Let me start by saying that I put a reasonable amount of effort into personal hygiene and wardrobe most of the time, and that I am pleased to receive compliments about my appearance. Also happy to be flattered about my parenting skills, my sense of humour, my professional accomplishments, or my baking (particularly the latter, since I work hard on the baking).
Friends, family, and casual acquaintances should feel free to pour accolades upon me anytime but PLEASE DO NOT include the following statements:
- You look great for your age. Thank you? You look great for your height/weight/IQ.
- You look half your age. That would mean that I look 25 which might seem bizarre to my children, particularly the one who is nearing 20 herself. Also… I am well-aware that I DO NOT look 25 so this raises disconcerting questions about your integrity, your judgment, and/or your vision
- Wow! You certainly don’t look 50! If there is a compliment in here somewhere, it is completely eclipsed by the horrified emphasis placed on the word ‘50’, indicating that a burka will be required in order to go into public areas once I actually begin to “look 50”
I am a very confident woman. I know I look good. Damn it… I should look good… I spend hours at yoga, walk the dog for miles almost every day, eat right (most of the time) and get enough sleep. If I looked bad I would head straight to the family doctor and demand some blood work and an MRI!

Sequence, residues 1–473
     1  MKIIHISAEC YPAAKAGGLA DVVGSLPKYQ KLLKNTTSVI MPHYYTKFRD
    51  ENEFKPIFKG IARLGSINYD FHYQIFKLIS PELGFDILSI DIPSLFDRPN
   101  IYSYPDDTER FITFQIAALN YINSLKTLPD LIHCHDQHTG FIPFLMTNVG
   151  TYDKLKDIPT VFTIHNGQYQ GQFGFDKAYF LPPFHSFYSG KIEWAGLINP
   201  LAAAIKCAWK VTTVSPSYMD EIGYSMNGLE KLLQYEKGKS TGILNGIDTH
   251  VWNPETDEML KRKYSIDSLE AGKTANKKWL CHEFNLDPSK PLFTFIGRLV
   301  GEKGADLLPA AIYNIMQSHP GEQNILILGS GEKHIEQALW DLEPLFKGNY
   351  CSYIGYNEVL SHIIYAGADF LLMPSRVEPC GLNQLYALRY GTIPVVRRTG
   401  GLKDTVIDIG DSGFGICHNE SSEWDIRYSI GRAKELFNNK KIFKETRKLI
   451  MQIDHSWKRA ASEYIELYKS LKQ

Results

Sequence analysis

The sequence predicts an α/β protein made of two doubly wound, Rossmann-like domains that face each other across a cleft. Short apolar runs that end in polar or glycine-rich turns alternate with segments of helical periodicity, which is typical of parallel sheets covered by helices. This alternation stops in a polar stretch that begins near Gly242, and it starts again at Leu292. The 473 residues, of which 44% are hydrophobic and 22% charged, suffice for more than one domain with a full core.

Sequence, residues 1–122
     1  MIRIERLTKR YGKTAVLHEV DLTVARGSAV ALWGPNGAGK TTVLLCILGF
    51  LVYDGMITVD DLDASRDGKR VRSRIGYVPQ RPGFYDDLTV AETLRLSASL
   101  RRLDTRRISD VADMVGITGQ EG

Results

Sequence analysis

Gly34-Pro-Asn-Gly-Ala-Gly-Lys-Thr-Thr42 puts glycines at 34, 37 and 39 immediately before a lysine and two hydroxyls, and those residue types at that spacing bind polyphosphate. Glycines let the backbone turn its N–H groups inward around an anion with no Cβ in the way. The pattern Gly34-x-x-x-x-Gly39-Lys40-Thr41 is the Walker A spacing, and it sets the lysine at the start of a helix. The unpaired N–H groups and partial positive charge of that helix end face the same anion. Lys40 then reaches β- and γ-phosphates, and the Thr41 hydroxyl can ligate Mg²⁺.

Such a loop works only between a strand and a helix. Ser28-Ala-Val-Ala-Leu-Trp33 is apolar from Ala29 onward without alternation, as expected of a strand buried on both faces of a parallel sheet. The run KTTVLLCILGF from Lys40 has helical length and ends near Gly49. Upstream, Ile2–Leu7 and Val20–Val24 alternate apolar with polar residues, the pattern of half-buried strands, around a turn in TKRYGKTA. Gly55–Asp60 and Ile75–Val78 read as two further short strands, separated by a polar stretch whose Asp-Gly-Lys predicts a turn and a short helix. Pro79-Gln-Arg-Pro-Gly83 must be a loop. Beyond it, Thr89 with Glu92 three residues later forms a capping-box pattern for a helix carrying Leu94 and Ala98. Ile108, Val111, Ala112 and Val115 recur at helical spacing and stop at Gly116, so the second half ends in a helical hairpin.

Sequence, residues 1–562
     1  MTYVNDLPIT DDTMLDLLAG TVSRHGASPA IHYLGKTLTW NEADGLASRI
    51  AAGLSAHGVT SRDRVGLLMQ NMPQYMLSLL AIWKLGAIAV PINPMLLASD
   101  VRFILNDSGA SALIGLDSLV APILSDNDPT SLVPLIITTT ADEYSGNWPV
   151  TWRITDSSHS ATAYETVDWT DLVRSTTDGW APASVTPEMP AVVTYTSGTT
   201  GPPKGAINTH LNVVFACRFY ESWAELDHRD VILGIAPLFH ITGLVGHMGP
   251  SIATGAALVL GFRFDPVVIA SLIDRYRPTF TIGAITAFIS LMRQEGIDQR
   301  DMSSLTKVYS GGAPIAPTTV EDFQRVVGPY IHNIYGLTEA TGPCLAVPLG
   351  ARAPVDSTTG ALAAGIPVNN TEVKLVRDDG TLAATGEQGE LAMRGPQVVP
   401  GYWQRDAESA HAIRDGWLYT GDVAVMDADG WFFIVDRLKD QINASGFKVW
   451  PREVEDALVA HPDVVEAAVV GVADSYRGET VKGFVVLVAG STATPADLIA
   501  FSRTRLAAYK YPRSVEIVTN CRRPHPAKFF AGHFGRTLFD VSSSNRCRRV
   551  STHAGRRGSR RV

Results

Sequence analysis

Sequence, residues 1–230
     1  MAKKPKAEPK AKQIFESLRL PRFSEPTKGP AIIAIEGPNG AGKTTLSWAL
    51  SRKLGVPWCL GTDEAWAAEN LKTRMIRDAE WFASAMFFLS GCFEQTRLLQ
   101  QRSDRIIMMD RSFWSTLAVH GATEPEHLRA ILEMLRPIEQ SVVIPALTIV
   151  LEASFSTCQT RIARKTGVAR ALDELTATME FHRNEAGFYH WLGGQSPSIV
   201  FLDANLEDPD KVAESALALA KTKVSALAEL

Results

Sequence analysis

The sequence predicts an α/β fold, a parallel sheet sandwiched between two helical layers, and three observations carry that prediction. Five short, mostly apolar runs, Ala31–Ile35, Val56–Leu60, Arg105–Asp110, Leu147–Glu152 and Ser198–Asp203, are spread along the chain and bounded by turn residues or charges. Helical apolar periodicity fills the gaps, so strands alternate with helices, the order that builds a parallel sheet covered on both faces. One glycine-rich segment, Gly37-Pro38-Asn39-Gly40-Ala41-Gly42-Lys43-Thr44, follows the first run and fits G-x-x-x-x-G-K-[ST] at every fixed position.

I look like a healthy, happy 50 year old woman and that is great. I do not need, or want, to look younger. I love the wrinkles on my 50 year old face because they show that I think deep thoughts and I laugh often.
When I step out of the shower and see my boobs in the mirror, I do not lament that they are no longer my 25-year-old boobs. Instead, I smile because they are still there (lots of my friends have sacrificed them to cancer already – and these women are also beautiful!). As I stand naked in the bathroom, I silently thank my boobs for being such amazing body parts; for keeping three babies alive and nourished, and for allowing an exhausted mother the ease of just popping them on a boob and falling back to sleep in the middle of the night.
I am okay with the few extra pounds that have settled here and there (except for the muffin top because that is more wine-related than age-related and I really must get rid of it). And I think of my graying hair as Mother Nature’s way of encouraging me to pamper myself because, since gray is not my thing, I now go to the hairdresser every few weeks for colour. I have started playing with highlights and trying out some new hairstyles, which is fun. And I have even begun to venture to the ‘spa’ side of the salon, where I can have a pedicure while sipping herbal tea in a massage chair.
May I suggest that those who wish to pass a compliment my way make reference to my hair, which I think looks very nice lately, or perhaps my awesome, hot-pink toes. But please, do not add the caveat that my hair, my toes, or any of my other outside parts are looking great “for my age”!